For example, there are millions of people in America today named “Smith.”  They wear that surname because many of their ancestors were “back smiths” who worked with metals that were essential to an agricultural society. They made horseshoes, plows, and other metal objects that were vital for industry for hundreds of years.

But machines eventually took their place–did a better job of making metal objects–and all the “smiths” of the world had to move on to other professions.

Did the “Smith Family” suffer from these changes in technology? Maybe for a time. But I can guarantee that there are more wealthy, employed and prosperous “Smiths” in America today than in any other historical period. Innovation didn’t create long-lasting job loss. It actually became a vehicle for greater wealth among the Smith clan.

There are two classic examples of economic change–producing more jobs not less jobs–in the past few hundred years. The first was the Industrial Revolution.

The Industrial Revolution

The Industrial Revolution was a period from the 18th to the 19th century where major changes in agriculture, manufacturing, mining, transportation, and technology had a profound effect on the economic and cultural conditions of the times. It began in England, then subsequently spread throughout Europe, North America, and eventually the world.

The Industrial Revolution was a major turning point in human history; almost every aspect of daily life was influenced in some way. Most notably, average income and population began to exhibit unprecedented sustained growth. In the two centuries following 1800, the world’s average per capita income increased over 10-fold, while the world’s population increased over 6-fold. In the words of Nobel Prize winner Robert E. Lucas, Jr., “For the first time in history, the living standards of the masses of ordinary people have begun to undergo sustained growth. … Nothing remotely like this economic behavior has happened before.”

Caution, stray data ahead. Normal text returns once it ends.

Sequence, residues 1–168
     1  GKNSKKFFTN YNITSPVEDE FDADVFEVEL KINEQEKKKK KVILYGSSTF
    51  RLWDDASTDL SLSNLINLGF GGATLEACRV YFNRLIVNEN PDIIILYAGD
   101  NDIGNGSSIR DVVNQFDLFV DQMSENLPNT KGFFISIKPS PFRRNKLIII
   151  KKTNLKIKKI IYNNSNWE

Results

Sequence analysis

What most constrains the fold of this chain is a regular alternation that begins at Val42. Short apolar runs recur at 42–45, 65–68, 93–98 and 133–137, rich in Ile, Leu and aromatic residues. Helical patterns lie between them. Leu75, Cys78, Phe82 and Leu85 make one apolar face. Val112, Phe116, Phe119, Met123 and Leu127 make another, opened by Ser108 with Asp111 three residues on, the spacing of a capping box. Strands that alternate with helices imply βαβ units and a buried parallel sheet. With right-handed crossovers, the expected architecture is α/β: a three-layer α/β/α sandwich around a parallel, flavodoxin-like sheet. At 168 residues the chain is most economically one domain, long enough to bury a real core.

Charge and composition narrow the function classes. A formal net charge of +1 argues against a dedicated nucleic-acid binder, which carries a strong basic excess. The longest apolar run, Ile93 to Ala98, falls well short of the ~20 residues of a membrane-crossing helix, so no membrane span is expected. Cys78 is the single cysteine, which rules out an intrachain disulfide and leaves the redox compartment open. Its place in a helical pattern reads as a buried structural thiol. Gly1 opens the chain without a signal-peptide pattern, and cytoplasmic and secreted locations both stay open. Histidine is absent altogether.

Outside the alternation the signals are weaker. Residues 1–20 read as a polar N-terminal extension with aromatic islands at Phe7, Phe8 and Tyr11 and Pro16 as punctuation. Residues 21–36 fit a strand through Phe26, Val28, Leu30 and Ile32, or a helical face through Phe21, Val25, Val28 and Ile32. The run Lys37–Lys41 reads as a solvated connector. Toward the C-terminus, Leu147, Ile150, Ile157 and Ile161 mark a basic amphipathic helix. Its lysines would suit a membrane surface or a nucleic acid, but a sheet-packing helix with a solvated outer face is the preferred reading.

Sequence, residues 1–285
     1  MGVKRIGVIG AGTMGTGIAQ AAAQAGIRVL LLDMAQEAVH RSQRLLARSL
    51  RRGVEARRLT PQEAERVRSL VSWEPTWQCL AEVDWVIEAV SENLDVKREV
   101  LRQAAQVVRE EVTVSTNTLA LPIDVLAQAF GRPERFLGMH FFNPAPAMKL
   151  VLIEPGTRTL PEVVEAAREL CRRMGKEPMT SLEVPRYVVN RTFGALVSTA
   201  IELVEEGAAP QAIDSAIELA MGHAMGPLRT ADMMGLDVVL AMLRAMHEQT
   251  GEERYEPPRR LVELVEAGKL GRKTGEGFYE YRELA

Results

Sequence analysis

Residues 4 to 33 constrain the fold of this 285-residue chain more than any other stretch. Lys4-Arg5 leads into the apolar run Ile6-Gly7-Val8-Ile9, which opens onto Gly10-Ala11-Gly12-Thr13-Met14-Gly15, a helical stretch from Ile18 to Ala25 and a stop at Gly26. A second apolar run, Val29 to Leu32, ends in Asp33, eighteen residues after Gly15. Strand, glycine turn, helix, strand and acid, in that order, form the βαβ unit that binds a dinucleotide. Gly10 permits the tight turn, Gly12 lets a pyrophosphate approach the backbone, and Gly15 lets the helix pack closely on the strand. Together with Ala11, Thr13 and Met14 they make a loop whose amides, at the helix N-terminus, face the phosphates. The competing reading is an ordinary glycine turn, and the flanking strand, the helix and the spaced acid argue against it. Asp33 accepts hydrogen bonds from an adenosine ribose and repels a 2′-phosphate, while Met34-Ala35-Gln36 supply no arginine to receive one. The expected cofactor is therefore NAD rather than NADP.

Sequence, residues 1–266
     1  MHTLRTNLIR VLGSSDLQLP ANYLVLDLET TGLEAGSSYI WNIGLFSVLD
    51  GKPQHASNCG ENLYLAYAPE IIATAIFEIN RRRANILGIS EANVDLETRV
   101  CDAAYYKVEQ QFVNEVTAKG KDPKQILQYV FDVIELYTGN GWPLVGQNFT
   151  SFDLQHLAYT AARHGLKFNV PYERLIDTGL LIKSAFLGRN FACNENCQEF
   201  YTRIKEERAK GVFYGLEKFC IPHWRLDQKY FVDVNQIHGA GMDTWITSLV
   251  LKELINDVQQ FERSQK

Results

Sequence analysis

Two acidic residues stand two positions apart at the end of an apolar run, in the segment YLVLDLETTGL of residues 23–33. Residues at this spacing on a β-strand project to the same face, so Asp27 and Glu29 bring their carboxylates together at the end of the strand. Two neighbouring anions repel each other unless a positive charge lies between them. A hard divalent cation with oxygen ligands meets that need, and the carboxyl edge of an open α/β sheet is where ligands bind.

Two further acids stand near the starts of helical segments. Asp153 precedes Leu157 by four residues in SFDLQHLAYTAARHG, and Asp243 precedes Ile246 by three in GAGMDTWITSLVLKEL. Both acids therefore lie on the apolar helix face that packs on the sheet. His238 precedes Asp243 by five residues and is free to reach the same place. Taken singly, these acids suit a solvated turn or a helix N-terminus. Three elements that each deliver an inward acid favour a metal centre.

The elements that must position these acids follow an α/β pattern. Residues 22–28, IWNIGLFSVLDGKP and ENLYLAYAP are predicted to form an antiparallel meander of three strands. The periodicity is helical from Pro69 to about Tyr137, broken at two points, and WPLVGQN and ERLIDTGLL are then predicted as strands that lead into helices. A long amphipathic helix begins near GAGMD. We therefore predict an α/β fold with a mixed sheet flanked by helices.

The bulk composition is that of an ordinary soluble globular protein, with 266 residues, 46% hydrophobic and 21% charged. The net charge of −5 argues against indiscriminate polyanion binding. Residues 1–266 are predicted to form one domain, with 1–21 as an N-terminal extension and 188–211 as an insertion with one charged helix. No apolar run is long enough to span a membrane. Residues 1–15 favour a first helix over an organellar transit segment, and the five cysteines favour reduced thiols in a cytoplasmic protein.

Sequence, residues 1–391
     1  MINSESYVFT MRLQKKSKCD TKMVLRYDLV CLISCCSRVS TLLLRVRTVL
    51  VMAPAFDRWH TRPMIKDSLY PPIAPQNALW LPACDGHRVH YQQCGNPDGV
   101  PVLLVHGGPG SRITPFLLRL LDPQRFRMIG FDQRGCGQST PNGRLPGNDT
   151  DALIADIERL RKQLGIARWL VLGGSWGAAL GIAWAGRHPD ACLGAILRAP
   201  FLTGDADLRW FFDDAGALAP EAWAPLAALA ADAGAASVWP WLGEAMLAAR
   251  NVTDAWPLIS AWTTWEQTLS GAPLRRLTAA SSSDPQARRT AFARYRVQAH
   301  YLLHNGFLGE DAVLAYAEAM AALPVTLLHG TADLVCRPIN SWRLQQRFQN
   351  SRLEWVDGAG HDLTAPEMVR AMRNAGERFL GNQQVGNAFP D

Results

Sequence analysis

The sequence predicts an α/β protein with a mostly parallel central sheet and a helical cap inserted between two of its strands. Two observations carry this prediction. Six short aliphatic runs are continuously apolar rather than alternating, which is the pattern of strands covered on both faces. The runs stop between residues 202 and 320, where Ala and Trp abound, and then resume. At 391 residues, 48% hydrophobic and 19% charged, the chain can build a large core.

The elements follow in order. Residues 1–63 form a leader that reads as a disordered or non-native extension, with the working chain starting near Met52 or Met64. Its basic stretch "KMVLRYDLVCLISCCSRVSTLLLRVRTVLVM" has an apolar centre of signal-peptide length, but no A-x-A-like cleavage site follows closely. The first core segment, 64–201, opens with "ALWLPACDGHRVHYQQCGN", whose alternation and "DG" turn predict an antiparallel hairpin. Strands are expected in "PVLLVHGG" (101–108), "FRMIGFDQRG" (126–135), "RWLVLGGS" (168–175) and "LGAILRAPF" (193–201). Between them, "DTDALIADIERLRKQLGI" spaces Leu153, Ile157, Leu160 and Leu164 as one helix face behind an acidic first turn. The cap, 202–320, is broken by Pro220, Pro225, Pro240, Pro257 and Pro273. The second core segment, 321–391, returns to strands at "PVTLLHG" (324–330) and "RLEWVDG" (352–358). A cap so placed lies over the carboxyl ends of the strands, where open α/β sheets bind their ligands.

In other words, using machines to do more for human beings did not decrease jobs or prosperity. It greatly multiplied job opportunities for billions of people. World population actually exploded because it was easier for people to live and work.

Starting in the later part of the 18th century, there was a transition in parts of Great Britain’s manual labour and animal–based economy towards machine-based manufacturing. It started with the mechanization of the textile industries, the development of iron-making techniques and the increased use of coal. Trade expansion was enabled by the introduction of canals, improved roads and railways.

The introduction of steam power produced dramatic increases in production capacity. The development of all-metal machine tools in the first two decades of the 19th century facilitated the manufacture of more production machines for manufacturing in other industries. The effects spread throughout Western Europe and North America during the 19th century, eventually affecting most of the world, a process that continues as industrialization. The impact of this change on society was enormous.

What are those impacts? More wealth, a higher standard of living, more jobs, and greater opportunities for all.